SA helps in exoplanet hunting
Cape Town - South African astronomers are involved in the discovery and analysis of possible exoplanets several light years away.
Nasa recently announced that the Kepler telescope found several planets orbiting distant stars, suggesting that exoplanets are more common than previously thought. But analysis of these bodies is difficult and researchers from around the world are assisting in the analysis.
"After only four months of operation, the Kepler team announced the discovery of over 1 200 new candidate exoplanets - a lot of work will be required to follow up and be sure they really are planets since there are several ways that observational data from non-planetary systems could mimic those from planetary systems," SAAO astronomer Dr John Menzies told News24.
He said that the Southern African Large Telescope (Salt) in the Northern Cape province would be critical to the identification of exoplanets when it receives a spectrograph this year as well as the UK-operated superWASP and KELT from the US which are both based in Sutherland.
Gravitational microlensing is also used to find distant planets but requires long observations conducted by a collection of telescopes around the world.
"Sutherland is situated about half way between Australia and Chile, so is a vital node in the PLANET collaboration's observing programme; this collaboration has been operational since 1995.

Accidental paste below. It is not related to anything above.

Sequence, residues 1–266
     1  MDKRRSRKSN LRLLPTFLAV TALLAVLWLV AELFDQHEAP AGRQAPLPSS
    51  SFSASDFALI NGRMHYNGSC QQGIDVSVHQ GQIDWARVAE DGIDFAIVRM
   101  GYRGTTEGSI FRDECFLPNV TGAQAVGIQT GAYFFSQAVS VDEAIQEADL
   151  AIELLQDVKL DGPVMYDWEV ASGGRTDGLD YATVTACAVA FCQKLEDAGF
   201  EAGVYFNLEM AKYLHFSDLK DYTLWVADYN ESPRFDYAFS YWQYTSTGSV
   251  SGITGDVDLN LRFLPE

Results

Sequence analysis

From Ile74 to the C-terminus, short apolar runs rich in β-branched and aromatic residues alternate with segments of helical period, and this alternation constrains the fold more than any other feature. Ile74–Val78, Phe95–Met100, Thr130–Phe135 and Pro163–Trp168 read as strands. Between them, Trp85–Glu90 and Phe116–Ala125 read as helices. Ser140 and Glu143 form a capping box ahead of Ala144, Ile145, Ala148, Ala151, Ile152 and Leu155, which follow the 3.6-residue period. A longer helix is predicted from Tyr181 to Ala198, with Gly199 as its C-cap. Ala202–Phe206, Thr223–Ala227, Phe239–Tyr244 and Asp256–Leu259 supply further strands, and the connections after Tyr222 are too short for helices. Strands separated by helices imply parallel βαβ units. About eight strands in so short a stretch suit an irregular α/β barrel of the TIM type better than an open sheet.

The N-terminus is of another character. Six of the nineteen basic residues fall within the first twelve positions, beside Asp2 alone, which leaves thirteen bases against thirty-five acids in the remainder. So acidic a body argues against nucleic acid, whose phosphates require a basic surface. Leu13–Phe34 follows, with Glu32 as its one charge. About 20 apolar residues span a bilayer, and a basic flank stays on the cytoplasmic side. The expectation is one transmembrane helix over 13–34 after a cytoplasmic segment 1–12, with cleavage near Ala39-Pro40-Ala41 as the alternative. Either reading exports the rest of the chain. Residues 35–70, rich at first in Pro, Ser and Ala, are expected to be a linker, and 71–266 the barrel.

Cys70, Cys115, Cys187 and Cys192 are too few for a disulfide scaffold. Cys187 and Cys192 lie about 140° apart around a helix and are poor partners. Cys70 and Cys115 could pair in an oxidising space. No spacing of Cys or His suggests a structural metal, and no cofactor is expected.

"This technique finds planets that are significantly further away from their parent stars, and is the only ground-based method of finding earth-mass planets orbiting several astronomical units (distance of earth from Sun) from the parent star," said Menzies.
He would not rule out life being able to exist on planets that may be regarded as unsuitable for life as we understand it on Earth.
Recently, Nasa scientist Richard Hoover made a claim that alien microbe fossils were found in meteorites on Earth. The agency though, has distanced itself from the findings.
In December, Nasa has announced the discovery of a new bacteria that can grow and incorporate arsenic into its DNA.
"We have had this idea that life requires these six elements with no exceptions and here it turns out, well maybe there is an exception," said Ariel Anbar about the discovery.
"In simple terms, life as we understand it is carbon-based, and could exist wherever the ambient temperature allows water to exist in liquid form and the gravity to be sufficiently high to retain an atmosphere; so yes, it would be possible for it to exist on moons of planets," said Menzies.
He said that the hunt for exoplanets has been accelerated with the Kepler telescope and scientists focus on cooler stars as they were more likely candidates for life to exist.
"With the Kepler experiment, there will be a revolution in our knowledge of exoplanet statistics - in about 20 years just over 500 exoplanets have been found from the ground compared with over 1 200 in four months from Kepler."
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